FORT SUMTER NATIONAL MONUMENT, S.C. — For thousands of Civil War re-enactors, the next four years are a chance to capitalize on the public’s curiosity about a century-old hobby that demands such attention to detail that the fights seem almost real.
The die-hards converging soon at the site where the War Between the States began 150 years ago with a Confederate artillery barrage on Union-held Fort Sumter can’t wait to help others understand why they spend weekends tramping through the rain, sleeping in tents in snow-covered fields, cooking on open campfires and enduring mock battles in wool coats under the hot Southern sun.
They’re expecting a surge of interest in a pastime that has roots at the 50th anniversary of the Battle of Gettysburg in 1913, when Confederate veterans retraced Pickett’s Charge. Re-enacting took hold for good five decades ago during the Civil War’s centennial.
Read the full AP article by Bruce Smith in the April 10, 2011 edition of DecaturDaily.com.
TINMOUTH [Vermont] — The jury was hung Saturday in a Tinmouth murder trial 232 years in the making, leaving a cloud of mystery hanging over the 1777 death of resident John Irish.
Twelve members of the public crowd of about 80 who attended Saturday’s trial inside the town’s firehouse were deadlocked, as they openly debated the more than centuries-old question lingering in town — Was the killer justified under the articles of war or was he undeniable guilty?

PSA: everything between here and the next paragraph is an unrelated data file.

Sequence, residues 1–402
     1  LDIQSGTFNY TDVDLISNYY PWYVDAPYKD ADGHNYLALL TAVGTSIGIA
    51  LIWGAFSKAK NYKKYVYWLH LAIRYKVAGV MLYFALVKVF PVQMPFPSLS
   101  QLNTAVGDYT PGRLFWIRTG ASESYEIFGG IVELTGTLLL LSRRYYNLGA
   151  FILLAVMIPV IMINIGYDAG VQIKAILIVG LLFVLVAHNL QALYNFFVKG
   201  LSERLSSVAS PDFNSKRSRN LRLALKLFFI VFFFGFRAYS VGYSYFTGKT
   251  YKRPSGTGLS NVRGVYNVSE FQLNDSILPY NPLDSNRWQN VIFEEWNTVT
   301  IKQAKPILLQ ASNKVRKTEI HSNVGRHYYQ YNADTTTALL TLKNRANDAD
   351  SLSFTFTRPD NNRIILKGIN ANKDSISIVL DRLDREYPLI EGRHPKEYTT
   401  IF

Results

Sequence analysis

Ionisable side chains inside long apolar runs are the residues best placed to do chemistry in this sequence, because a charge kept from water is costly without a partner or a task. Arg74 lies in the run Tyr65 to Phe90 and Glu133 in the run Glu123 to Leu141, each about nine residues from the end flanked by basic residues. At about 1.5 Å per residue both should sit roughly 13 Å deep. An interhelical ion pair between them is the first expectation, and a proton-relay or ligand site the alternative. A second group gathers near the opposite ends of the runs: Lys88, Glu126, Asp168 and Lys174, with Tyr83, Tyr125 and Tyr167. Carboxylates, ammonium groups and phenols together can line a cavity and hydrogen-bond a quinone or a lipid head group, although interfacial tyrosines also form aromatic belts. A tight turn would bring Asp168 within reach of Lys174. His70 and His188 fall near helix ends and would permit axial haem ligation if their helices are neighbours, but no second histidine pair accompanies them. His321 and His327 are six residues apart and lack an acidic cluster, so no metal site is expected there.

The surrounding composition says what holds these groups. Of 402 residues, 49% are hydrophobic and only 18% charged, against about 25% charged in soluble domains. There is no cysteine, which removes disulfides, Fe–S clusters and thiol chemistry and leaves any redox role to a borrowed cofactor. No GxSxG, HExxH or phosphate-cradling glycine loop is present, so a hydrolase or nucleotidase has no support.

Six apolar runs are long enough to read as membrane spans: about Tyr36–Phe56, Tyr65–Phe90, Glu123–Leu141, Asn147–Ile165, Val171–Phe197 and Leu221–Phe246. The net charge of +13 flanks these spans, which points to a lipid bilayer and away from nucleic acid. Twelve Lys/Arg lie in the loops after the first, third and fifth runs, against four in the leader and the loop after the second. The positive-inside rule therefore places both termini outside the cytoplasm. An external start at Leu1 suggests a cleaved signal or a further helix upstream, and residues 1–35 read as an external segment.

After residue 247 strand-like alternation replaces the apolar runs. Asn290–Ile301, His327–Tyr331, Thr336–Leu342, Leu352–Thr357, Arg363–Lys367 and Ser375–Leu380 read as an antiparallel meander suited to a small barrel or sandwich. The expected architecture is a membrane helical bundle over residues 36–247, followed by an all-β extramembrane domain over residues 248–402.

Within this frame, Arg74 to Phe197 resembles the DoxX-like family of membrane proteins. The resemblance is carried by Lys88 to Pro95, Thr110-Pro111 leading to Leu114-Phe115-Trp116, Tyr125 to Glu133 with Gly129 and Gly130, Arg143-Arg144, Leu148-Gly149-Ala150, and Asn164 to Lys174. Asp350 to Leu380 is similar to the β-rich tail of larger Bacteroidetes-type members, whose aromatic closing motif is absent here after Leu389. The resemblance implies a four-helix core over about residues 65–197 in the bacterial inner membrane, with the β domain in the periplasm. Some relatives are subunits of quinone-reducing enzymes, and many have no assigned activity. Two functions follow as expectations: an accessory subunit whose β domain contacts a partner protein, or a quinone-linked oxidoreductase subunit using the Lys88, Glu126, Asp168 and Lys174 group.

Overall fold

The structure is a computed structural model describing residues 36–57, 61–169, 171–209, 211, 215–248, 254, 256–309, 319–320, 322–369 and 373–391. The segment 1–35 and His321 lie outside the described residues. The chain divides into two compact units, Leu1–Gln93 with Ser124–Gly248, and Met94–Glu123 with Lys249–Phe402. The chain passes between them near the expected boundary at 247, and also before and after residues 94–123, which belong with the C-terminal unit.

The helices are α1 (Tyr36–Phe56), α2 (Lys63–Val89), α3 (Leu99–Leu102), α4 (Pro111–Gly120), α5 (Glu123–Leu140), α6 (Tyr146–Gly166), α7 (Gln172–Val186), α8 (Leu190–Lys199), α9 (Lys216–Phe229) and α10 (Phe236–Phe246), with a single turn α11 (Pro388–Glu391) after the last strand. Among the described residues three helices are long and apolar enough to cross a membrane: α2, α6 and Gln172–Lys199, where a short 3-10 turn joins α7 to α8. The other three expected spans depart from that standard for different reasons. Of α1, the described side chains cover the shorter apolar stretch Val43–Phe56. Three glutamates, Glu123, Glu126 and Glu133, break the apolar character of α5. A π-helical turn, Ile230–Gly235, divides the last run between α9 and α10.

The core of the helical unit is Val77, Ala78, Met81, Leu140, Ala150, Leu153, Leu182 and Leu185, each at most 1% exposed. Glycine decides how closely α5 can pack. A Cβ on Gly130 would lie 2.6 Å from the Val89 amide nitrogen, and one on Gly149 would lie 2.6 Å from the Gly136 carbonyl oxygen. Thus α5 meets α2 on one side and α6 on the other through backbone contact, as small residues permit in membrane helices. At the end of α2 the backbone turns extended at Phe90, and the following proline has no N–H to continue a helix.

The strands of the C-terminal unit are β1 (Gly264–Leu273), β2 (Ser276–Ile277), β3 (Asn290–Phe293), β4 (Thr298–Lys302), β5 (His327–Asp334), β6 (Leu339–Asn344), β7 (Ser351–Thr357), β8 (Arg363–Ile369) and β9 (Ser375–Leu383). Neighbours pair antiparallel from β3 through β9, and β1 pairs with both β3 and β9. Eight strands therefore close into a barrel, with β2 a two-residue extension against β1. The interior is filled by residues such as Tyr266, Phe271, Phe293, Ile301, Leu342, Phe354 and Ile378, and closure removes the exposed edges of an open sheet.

The jury’s decision was split, 9 to 3, and they could not convict Lt. Isaac Clark, who shot Irish as witnessed by his fellow Vermont Rangers who took the stand Saturday, ironically, in his defense.
The jury wasn’t asked to decide if Clark did it – that fact was known — but whether he was justified in rooting out Irish or not, believed by the militia to be a Tory who pledged allegiance to the invading British.
To an outside observer, the trial, with attorneys and witnesses who took the stand in historic garb of the time, was a reenactment.
But it wasn’t — the trial of Clark versus Irish never took place.
Read the full article in the June 15, 2009 edition of the Rutland Herald.
Follow America’s Byway – Great Lakes Seaway Trail – to NY History Signature Event – July 3-5 – More than 2,300 Reenactors Restage History at Old Fort Niagara
Youngstown, NY – On July 3-5, more than 2,300 colorful historic reenactors clad in red, white, blue and buckskin will bring the 250th anniversary of the French and Indian War to life at Old Fort Niagara in Youngstown, NY. The best way to reach the big event that is the 2009 “Signature Event” of the New York State 250th French and Indian War Anniversary Commemoration Commission is to follow one of America’s Byways, the 518-mile Great Lakes Seaway Trail that parallels New York and Pennsylvania’s freshwater shorelines.
The swift waterways and footpaths of power along the St. Lawrence River, Lake Ontario, Niagara River and Lake Erie in New York and Pennsylvania helped decide the outcome of the French & Indian War. A journey along the Great Lakes Seaway Trail offers an authentic American experience of the landscapes of history, well-kept military architecture, battlefields and waterfront staging areas. This byway is also home to two Indian Nations that maintain their distinct cultural traditions.
Read the full article in the June 15, 2009 edition of The Gouverneur Times.